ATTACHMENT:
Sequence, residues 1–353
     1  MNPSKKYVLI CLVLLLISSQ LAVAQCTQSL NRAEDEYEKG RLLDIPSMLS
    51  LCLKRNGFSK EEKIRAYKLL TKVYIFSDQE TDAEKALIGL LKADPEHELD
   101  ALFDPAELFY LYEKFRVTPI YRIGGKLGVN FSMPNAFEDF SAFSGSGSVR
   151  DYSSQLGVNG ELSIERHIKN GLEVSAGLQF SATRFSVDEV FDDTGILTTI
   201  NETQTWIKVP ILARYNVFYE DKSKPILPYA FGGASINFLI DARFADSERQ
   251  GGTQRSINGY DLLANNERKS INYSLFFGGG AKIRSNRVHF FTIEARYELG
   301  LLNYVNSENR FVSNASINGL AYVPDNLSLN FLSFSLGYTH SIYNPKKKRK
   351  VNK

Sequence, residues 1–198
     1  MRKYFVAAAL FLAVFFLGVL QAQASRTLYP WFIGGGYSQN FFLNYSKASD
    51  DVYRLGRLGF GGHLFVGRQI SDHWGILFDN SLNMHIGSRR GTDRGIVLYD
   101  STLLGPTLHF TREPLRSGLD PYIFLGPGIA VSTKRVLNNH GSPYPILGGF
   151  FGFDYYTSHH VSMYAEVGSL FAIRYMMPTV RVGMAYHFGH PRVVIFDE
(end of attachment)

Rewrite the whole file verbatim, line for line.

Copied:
Sequence, residues 1–353
     1  MNPSKKYVLI CLVLLLISSQ LAVAQCTQSL NRAEDEYEKG RLLDIPSMLS
    51  LCLKRNGFSK EEKIRAYKLL TKVYIFSDQE TDAEKALIGL LKADPEHELD
   101  ALFDPAELFY LYEKFRVTPI YRIGGKLGVN FSMPNAFEDF SAFSGSGSVR
   151  DYSSQLGVNG ELSIERHIKN GLEVSAGLQF SATRFSVDEV FDDTGILTTI
   201  NETQTWIKVP ILARYNVFYE DKSKPILPYA FGGASINFLI DARFADSERQ
   251  GGTQRSINGY DLLANNERKS INYSLFFGGG AKIRSNRVHF FTIEARYELG
   301  LLNYVNSENR FVSNASINGL AYVPDNLSLN FLSFSLGYTH SIYNPKKKRK
   351  VNK

Sequence, residues 1–198
     1  MRKYFVAAAL FLAVFFLGVL QAQASRTLYP WFIGGGYSQN FFLNYSKASD
    51  DVYRLGRLGF GGHLFVGRQI SDHWGILFDN SLNMHIGSRR GTDRGIVLYD
   101  STLLGPTLHF TREPLRSGLD PYIFLGPGIA VSTKRVLNNH GSPYPILGGF
   151  FGFDYYTSHH VSMYAEVGSL FAIRYMMPTV RVGMAYHFGH PRVVIFDE